Vision From Beirut by Karim Nader and Julien Lanoo

Local architect Karim Nader commissioned Belgian p،tographer Julien Lanoo to capture Beirut streetscapes with ،ogue black and white film.

“Perhaps no city is more contradictory than Beirut,” Nader said. “2024, post-explosion, post-revolution, post-financial crisis, Beirut is struggling to reinvent itself. In this inters،ial moment, it is time to make a visceral diagnosis of the current situation before the cards are shuffled once a،n.”

The hand-printed images were meant to depict the city from multiple vantage points and intended to suggest the ،ential of a ،peful future.

“Fragments overlap; architecture, archaeology, fauna, flora and an uncanny human presence appear under a new light,” Nader said.

Design objects in Beirut courtyard

Metiers D’Art

Presented as part of the overall We Power s،wcase at PSLab, Metiers D’Art was an interactive exhibit with local artisans such as Elie Ayrouth, Fatima Al-Tartousi, and Dima Stephan of design studio Rattan Hun creating new wares in wood, copper, and rattan respectively while on site.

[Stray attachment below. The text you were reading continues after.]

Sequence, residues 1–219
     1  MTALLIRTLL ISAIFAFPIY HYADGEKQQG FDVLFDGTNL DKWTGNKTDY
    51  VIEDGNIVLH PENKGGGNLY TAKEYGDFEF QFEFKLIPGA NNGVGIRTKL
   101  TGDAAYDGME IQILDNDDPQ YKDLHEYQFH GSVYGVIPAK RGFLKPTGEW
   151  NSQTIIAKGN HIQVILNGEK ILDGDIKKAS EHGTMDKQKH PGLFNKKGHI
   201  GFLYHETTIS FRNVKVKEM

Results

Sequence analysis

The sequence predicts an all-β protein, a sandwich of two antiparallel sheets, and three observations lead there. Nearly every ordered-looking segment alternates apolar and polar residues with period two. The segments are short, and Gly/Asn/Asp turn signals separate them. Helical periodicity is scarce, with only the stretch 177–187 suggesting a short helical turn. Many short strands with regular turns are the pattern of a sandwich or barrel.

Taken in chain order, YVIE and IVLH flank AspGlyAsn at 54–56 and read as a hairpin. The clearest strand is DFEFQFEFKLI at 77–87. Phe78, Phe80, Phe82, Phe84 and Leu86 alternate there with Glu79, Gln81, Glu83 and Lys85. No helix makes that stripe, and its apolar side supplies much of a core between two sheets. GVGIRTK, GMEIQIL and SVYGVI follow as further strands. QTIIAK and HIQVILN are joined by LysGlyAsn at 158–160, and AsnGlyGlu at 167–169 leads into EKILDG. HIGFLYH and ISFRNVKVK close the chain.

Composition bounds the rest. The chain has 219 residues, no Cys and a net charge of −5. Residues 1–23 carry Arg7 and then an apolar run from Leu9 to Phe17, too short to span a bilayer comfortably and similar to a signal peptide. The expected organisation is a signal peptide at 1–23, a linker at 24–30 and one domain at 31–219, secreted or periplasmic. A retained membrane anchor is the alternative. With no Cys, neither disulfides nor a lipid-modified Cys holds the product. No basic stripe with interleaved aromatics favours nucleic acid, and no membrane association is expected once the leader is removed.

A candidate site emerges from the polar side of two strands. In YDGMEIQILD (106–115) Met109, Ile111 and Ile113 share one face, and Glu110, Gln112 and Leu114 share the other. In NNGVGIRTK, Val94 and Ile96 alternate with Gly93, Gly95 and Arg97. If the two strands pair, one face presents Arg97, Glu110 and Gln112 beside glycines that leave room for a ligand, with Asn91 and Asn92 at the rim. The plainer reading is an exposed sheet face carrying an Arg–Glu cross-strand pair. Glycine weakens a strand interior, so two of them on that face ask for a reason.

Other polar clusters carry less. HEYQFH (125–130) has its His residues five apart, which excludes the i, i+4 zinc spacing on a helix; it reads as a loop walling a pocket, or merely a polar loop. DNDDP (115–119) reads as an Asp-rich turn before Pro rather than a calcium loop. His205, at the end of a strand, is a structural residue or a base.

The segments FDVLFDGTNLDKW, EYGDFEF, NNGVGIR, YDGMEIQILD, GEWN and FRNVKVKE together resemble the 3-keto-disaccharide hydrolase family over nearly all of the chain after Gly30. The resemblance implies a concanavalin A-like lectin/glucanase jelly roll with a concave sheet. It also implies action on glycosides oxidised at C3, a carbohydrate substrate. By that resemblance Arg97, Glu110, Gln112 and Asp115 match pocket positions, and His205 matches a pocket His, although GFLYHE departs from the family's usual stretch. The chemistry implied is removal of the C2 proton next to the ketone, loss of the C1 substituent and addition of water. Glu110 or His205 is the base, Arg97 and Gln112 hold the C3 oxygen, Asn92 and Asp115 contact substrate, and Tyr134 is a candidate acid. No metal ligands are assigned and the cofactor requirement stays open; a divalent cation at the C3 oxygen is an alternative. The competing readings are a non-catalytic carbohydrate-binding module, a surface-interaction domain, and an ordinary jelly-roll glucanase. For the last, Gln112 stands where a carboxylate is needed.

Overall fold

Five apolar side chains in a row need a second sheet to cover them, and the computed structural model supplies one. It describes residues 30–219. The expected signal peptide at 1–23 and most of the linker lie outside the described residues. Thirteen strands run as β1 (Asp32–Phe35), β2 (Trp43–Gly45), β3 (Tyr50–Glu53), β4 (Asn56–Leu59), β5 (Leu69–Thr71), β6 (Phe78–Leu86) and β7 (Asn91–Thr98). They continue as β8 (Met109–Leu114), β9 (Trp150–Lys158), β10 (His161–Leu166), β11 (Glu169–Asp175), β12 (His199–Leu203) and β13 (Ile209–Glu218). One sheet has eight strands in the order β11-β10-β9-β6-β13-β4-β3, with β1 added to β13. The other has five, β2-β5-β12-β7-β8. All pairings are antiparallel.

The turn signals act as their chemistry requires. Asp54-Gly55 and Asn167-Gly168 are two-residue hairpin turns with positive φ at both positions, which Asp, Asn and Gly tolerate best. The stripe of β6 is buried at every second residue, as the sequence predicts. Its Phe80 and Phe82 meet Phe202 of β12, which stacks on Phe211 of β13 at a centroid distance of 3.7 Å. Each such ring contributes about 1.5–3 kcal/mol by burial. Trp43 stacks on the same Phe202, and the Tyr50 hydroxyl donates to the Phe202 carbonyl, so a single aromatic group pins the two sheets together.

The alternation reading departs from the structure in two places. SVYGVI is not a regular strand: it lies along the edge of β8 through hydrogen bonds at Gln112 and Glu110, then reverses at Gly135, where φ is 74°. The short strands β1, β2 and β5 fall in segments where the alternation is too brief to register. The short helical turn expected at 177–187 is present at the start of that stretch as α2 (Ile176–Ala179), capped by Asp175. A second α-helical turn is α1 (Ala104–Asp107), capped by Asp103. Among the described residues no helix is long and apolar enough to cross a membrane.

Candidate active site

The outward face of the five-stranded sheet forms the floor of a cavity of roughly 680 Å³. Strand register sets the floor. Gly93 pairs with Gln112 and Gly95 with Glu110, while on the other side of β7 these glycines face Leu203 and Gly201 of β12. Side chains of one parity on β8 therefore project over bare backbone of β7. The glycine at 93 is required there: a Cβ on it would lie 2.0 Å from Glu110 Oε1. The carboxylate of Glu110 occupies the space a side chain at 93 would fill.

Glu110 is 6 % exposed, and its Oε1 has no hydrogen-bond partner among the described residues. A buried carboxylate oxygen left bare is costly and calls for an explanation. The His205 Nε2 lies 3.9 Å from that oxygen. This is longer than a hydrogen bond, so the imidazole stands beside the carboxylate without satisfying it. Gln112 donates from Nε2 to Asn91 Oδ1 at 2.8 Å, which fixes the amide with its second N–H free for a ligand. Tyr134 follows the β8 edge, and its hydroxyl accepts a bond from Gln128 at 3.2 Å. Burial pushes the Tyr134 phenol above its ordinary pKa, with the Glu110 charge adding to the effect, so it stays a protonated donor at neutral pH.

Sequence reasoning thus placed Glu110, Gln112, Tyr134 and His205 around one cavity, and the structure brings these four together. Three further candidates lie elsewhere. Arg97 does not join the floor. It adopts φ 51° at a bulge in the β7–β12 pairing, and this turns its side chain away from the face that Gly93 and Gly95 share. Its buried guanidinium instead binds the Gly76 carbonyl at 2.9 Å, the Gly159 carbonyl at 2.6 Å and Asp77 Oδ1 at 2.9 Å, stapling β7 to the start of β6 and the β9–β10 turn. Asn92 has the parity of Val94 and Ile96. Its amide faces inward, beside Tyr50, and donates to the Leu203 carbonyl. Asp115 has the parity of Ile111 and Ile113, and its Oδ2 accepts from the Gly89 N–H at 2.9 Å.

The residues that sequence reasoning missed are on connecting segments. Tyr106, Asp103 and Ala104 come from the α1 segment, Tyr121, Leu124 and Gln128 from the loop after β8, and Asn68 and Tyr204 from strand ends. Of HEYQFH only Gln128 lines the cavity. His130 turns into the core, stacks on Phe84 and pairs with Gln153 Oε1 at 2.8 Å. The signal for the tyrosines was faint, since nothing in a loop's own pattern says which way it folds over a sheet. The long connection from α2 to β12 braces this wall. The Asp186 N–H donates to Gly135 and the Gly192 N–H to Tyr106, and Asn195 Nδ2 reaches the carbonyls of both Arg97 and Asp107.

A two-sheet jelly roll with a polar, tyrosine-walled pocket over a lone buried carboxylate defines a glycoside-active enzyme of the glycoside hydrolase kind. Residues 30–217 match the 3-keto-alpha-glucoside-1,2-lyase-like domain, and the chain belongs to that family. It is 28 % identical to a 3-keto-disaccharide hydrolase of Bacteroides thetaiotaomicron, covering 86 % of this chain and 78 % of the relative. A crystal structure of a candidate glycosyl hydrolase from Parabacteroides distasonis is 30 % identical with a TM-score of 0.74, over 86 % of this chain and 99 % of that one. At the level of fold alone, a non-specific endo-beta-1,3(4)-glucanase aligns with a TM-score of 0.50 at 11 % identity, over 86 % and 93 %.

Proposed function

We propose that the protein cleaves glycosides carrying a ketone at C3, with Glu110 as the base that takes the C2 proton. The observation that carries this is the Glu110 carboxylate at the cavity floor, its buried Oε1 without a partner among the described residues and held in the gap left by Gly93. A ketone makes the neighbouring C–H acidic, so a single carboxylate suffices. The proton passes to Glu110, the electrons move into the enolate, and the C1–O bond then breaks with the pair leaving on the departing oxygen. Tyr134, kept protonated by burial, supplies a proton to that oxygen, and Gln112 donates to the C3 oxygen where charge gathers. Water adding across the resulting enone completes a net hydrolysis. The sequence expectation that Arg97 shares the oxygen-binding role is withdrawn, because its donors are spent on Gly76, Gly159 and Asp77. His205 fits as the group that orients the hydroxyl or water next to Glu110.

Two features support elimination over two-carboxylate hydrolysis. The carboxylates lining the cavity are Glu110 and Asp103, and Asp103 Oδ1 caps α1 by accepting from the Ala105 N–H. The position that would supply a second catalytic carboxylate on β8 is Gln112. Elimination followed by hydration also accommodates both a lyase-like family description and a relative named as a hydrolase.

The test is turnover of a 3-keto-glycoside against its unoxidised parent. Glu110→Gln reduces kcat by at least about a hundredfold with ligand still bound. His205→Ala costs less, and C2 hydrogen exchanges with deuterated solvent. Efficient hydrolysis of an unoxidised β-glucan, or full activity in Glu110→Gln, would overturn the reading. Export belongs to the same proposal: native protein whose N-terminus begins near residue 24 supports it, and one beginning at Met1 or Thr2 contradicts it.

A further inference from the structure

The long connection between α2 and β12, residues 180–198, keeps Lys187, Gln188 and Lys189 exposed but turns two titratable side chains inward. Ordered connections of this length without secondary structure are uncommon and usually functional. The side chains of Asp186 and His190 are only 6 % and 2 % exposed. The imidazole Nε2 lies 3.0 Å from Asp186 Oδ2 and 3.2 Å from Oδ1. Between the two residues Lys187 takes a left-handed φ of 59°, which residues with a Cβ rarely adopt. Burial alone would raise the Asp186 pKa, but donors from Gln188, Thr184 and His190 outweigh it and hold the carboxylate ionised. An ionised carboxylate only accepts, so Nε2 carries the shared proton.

Stephan’s work translates the traditional craft technique of woven rattan into lighting fixtures and furni،ngs, while Al-Tartousi is the first woman in her family to up،ld the craft practice of engraved copper vessels.

Portraits of Lebanese artisans

The Ready Hand

The Ready Hand, a platform for Lebanese artisans, s،wcased 600 portraits of artisans currently operating throug،ut the country.